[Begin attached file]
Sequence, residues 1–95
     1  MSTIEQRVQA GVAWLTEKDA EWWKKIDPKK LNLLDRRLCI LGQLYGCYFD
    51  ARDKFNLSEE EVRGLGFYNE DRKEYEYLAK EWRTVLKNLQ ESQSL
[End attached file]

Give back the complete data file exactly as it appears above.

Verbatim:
Sequence, residues 1–95
     1  MSTIEQRVQA GVAWLTEKDA EWWKKIDPKK LNLLDRRLCI LGQLYGCYFD
    51  ARDKFNLSEE EVRGLGFYNE DRKEYEYLAK EWRTVLKNLQ ESQSL